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By request, I am humbly reposting as a blog, a response I wrote a week ago to the Atheism 2.0 TED discussion by Alain de Botton. In the interest of tuning it in more to current congregational themes, I have given it a name. It isn't an autonomous essay, so if you haven't checked out the Botton video, it would help. It's at the bottom of this blog. Thanks for reading.
TELOS: On the Unitarian Universalist Sacred and Secular, Parish and Community Practices
I'm listening to this on the TED channel as I write. I don't think I need to hear him because I know where he's going just in the first few minutes, and concur. I think it's obvious. But I am an artist and sometime educator, and I understand that Western culture can stand on it's own and apart from the church which was it's patron.
Culture and learning and making images and music is civilization.TED IS a sermon to me! And standing outdoors reading devotional poetry to the moon constitutes a lovely song of praise to God ... atheist though I may be.
What I am interested in, per the question of GOD and atheism, is the atheist's typical conceptual entanglement with the traditional judeo-christian deity: the cosmic (anthropomorphic) author, intercessor, coach, and judge of an individual; the parental (patronizing, authoritarian) figure that de Botton refers to as being embodied in religious institutional culture; the force that simultaneously infantilizes, bullys, extorts, and provides the devotional breast from whose monolithic succor we are not intended to be weened from. (This is a simplistic description of both sides ... ) This is the magic and poison - the light and the dark sides, the way that language casts powerful befuddling spells - all right there.
As an atheist I find very attractive the possibility of saying "god bless you;" or "god works in mysterious ways." I like the idea, liberty, and grace of being able to refer to concepts such as "providence" and "creation" as literal physical and divine forces that may inform my love and the shape of politics and history. I think Nietzsche and Hegel would not have been people bereft of this gratitude. And I believe our deist founding fathers were not.
Creation,providence and grace is manifest. It's embrace is self evident. But unlike the christian or theist who tautologically construes this as proof of their god, I do not. And atheists should have a vocabulary for talking about this stuff, because religious experience, which I actually consider phenomenologically, an esthetic experience (which has been co-opted by this corporation called a religion) is a fundamental dimension of human experience. Some powerful people took that stuff and calledit religious. That doesn't make it so.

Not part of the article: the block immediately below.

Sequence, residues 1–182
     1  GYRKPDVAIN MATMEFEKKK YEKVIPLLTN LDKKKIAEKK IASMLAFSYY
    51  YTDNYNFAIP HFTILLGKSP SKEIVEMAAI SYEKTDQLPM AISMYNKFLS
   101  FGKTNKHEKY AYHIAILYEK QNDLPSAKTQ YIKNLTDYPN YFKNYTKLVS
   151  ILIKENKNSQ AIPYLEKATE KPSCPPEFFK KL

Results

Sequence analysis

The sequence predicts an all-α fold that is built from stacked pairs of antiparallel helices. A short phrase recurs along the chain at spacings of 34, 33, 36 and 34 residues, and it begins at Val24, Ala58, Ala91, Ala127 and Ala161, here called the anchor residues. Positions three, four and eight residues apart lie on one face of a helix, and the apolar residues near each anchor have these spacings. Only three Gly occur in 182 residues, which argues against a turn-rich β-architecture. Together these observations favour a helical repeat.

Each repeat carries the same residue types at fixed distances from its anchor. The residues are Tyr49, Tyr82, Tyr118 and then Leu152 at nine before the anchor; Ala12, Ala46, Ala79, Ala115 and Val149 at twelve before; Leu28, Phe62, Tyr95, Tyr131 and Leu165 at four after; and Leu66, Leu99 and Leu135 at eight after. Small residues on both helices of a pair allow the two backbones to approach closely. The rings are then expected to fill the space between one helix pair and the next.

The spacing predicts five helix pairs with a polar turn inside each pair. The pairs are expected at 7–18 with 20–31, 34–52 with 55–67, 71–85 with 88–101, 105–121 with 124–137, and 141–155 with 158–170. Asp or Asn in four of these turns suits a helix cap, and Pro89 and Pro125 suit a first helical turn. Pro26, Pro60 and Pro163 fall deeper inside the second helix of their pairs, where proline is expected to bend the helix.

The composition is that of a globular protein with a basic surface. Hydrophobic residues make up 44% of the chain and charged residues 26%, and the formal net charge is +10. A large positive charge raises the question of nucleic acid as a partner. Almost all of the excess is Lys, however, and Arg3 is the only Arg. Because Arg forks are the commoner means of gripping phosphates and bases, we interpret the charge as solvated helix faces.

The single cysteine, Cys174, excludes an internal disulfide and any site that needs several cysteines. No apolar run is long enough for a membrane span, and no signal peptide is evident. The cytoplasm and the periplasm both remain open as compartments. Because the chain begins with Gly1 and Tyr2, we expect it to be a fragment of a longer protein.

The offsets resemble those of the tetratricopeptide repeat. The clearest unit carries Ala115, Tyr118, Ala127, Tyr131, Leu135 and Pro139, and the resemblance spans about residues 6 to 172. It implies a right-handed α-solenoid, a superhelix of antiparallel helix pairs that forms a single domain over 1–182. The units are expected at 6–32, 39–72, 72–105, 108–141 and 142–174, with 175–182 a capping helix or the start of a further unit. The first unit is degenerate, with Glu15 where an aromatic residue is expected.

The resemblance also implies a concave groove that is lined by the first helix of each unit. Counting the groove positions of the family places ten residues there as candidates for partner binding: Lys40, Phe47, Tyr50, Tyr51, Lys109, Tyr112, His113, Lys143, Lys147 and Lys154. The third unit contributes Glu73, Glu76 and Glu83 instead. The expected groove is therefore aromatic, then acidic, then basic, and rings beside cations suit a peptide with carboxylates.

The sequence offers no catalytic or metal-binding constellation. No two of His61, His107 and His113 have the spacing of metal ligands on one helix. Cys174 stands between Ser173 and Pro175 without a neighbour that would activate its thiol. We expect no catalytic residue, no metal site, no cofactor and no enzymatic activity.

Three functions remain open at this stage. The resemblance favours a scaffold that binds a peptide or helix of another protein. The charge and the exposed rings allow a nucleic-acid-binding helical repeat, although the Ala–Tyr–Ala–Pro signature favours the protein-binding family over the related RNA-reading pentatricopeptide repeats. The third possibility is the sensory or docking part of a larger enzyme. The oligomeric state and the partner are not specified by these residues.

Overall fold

So this becomes a question of getting back, as Saint Joni Mitchell expressed it, to the garden. And I think what Botton is saying in a way, is that "Atheism 2.0" lets us do that in a perfectly natural un-hypocritical way by saying ritual is okay; culture and lecture and sermon and didactic lessons on being wellare to be praised and worshipped (meditated upon) on their merits. Basically, we have to retake this human space which "secularism" seems to keep at arms length.
As this church transitions, I think we have a beautiful opportunity to consider novel alternatives to the traditional clerical hierarchy whose organizational vestiges seem inevitable but are not. Which is to say maybe we don't need a minister who is a lead executive, or a minister that sends a lot of time writing and delivering sermons.
I can imagine, perhaps half the number of sermons - the other half would be TED-like conversations given by lay leaders in the church, and other community leaders who may be professional policy makers, musicians, activists, organic farmers, socially conscious local/regional business leaders - widening our beloved community. (Yes. This is concurrent with Rev. Morales's vision for UUs, and I actually think that this particular congregation is uniquely endowed to give prophetic shape to that transformative community experience he describes. We're seeing a prologue to this in VOICE activities right now.)
Consonant with the kind of didactic content that Botton proposes, the promotion of a lay sermon fellowship would also serve to diversifyvoices and conversations from the "pulpit," and give both youth and veteran, members and visitors, access to that part of ministry which uniquely enfranchises verbal authority - be it verse or oratory, enchantment or persuasion - of knowledge, grace, and experience on a multilateral basis (which is not permitted by the (ahem) euro/phallo-centric paternalistic structure imposed by the traditional pastoral model.
So this could be a model of a society in which we listen and speak across communities and pay grades, class, sexuality, and color, etc., praising the spirit and the logos.
I don't mean to deny the value of professionally trained clergy at all - that is as it does, but this is a proposal for possibly extending the covenant of intrinsic respect and mutuality, by activating a forum of curiosity and concern, while structuring the organization to a degree, more familiar to a 21st Century egalitarian common sense.